In 2015 we published an article called 18 Places To Publish Your Writing About Mental Health Topics. This article has been so popular, we decided to level up and focus on publications that publish writing on the topic of mental health AND pay.
Whether you like to write reported pieces, essays, informational pieces, or a combination, if your topic relates to mental health, we’ve got something on this list for you.
According to HealthyPlace Blog Editor Natasha Tracy, this site is the largest consumer mental health site, providing “information on mental health issues and medication both from a consumer and an expert point of view.” Publishing 10-15 articles on their blog each week, HealthyPlace is looking for content that “expresses a person’s experience with a mental health concern.” HealthyPlace seeks regular bloggers to commit to one year providing one post every other week and one video post per month. If you are interested in blogging on one of the specific mental health topics they are in need of, check out our interview with Blog Editor Natasha Tracy and read full submission guidelines here. (Payment: discussed with applicants individually)
“a lively and information-rich consumer magazine,” bpMagazine has a 50,000 quarterly circulation in North America and publishes both short (650-750) and long (1500-2500 words) features. If you’d like to query this publication, it is strongly encouraged that you purchase a copy and familiarize yourself with the publication. Long feature topics range from emotional coping, treatment issues, the history of bipolar manic depression, research, personalities, lifestyles and creating a more stress-free pattern of living with bipolar disorder. Short features may cover interviews with those living with bipolar; food and nutrition; healthy living; spirituality; parenting with childhood depression; exercise, wellness, etc. Full guidelines can be found here. (Payment: Fees are negotiated on a per-story basis, based on length, experience, complexity, etc.)
esperanza has a 50,000 quarterly circulation and an editorial objective “to serve as a guide for those with depression and/or anxiety who want to live healthier, more balanced lives.” Publishing both long and short features, esperanza looks for articles that are useful and relatable and personally meaningful to readers. Educational articles are also in demand with an emphasis on including resources and comments from experts and those living with depression and/or anxiety. Full guidelines can be found here. (Payment: Fees are negotiated on a per-story basis, based on length, experience, complexity, etc.)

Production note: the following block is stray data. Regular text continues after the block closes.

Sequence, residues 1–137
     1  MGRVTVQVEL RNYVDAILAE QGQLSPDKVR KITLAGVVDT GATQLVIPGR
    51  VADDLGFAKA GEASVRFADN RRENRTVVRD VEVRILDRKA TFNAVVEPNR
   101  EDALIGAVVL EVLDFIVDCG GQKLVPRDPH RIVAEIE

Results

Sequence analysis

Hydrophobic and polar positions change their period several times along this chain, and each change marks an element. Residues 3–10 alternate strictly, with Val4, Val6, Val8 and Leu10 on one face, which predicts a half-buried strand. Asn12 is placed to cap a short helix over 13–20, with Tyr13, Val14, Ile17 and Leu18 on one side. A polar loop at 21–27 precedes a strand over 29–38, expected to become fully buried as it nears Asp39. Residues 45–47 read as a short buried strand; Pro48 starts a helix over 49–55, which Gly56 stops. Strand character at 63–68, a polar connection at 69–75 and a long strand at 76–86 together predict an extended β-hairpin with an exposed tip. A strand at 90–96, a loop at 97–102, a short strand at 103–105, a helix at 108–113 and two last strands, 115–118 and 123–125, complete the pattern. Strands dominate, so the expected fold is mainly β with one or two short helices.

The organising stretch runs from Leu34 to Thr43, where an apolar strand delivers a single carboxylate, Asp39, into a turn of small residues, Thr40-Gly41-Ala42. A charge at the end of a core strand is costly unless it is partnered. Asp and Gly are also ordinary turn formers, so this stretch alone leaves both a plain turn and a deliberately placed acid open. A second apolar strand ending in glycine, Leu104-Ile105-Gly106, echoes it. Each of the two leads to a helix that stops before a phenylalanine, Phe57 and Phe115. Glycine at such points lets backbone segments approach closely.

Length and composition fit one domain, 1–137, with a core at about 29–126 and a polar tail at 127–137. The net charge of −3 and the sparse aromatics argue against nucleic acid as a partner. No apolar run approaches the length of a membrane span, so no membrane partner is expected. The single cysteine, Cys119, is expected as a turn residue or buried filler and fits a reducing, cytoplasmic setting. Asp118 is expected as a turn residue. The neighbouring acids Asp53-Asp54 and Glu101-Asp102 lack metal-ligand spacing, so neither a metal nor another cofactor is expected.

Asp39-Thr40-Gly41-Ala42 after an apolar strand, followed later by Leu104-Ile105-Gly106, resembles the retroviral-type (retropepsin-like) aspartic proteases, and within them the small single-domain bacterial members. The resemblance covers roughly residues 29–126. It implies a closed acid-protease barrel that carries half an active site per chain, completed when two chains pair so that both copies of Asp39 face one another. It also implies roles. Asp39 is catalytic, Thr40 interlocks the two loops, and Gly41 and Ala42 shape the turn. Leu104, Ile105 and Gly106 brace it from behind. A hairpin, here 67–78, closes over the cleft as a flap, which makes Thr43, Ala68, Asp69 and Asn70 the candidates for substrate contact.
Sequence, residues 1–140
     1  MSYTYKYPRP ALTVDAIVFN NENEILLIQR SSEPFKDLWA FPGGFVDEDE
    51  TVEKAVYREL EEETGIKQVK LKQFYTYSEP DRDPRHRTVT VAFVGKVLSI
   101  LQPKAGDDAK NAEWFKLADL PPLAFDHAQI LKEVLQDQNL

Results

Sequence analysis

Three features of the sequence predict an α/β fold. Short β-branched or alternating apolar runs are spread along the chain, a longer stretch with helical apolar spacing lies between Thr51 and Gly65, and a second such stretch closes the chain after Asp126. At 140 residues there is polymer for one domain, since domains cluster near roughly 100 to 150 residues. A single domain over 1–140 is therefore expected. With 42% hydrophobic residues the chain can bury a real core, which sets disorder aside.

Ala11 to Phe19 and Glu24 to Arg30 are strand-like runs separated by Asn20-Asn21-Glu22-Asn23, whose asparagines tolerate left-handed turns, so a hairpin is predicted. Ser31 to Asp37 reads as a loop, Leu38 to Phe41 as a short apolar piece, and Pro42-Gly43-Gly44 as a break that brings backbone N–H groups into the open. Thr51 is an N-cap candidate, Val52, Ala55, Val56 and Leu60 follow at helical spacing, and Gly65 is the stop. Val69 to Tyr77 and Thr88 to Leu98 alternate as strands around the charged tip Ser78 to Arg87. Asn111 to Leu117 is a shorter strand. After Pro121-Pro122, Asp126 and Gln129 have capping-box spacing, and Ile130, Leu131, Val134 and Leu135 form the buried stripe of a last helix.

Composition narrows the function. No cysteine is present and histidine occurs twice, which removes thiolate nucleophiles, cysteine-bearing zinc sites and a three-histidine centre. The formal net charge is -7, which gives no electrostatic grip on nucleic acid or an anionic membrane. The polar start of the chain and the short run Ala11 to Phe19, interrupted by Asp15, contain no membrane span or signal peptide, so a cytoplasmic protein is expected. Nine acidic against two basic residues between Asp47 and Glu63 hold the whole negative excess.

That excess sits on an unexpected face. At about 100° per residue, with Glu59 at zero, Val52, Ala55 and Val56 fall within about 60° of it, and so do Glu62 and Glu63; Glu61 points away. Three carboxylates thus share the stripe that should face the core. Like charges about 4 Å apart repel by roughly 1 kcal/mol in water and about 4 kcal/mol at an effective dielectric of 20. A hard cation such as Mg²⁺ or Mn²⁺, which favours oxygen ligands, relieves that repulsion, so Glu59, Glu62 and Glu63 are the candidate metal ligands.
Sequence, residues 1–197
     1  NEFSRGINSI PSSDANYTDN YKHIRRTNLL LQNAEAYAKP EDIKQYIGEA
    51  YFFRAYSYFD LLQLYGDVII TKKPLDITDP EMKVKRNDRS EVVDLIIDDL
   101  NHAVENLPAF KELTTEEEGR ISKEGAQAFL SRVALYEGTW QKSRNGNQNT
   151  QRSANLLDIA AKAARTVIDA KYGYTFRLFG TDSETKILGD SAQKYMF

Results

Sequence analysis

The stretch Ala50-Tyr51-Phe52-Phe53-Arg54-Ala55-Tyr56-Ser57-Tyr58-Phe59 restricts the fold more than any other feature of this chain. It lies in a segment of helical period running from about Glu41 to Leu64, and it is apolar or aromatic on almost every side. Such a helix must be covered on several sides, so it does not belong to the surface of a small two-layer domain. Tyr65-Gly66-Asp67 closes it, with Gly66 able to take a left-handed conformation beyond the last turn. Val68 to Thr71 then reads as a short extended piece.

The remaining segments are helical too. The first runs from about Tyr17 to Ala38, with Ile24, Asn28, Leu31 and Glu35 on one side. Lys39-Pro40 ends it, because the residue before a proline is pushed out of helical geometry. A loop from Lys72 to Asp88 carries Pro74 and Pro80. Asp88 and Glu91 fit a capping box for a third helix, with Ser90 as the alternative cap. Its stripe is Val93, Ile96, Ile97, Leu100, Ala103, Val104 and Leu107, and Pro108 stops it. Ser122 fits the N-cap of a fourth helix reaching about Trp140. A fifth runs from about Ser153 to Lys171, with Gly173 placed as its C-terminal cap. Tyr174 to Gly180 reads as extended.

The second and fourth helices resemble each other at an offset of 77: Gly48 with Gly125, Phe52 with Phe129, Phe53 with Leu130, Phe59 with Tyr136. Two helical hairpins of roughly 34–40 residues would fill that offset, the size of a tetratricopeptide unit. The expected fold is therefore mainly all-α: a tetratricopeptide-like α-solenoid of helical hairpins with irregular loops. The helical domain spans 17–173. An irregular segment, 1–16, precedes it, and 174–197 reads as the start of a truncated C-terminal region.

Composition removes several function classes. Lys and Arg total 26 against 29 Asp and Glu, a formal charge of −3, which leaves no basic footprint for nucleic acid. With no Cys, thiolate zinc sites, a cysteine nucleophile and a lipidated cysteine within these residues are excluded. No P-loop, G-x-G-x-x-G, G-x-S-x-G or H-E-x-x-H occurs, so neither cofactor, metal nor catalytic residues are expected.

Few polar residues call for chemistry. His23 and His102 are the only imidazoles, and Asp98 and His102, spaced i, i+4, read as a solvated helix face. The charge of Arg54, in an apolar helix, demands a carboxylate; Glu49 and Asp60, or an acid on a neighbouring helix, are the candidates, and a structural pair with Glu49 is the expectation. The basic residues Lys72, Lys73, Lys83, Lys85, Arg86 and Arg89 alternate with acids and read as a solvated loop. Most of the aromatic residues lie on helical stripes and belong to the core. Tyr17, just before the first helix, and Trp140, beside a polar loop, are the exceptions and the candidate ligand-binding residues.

Headspace is that really cool meditation app you might have heard of. But did you know they have an accompanying blog called Orange Dot? When we interviewed Managing Editor, Kelton Wright, she shared with us some of the topics they like to cover including “mind science, mental health, and meditation studies, as well as stories on interesting ways meditation has improved people’s lives. In addition to regular blog features, Headspace launched A Day With Mental Health Series that will be running will be running through 2018. This series will include one published essay for each diagnosis, and there are still some areas they are looking to fill (as of June 2017). If someone wants to be a part of the series, they should email the diagnosis they’d like to write about to firstname.lastname@example.org with “ADW” in the subject line. Be sure to read this interview for details on pitching non-series pieces Headspace. (Payment: approximately $300 for fully reported pieces, $200 for reported pieces with a personal arc, and $150 for personal essays)
An extension of OC87: The Obsessive Compulsive, Major Depression, Bipolar, Asperger’s Movie, OC87 Recovery Diaries is “a place to share your mental health recovery story to inspire and connect you with others who might learn from your experience.” If you have a story to share, you can read full submission guidelines here. (Payment: $250 honorarium for accepted posts)
With opportunities to write for the blog or magazine, Psychology Today has been around since 1967! Psychology Today looks for pitches that fit into their “health magazine for the mind.” Specifically, they are looking for “good, clearly articulated feature ideas–and writers with talent to bring these ideas to life. Nearly any subject related to psychology is fair game.” Note that if you become part of their blogger network, you will most likely be posting regularly on a specific subject, however, bloggers are not typically paid, unlike those who are published in the magazine. Read full submission guidelines here. (Payment: payment for bloggers is based on page views and requires a minimum threshold to be met; magazine rates are unpublished)Get Paid To Write About Mental Health: 12 Publications To Pitch Click To Tweet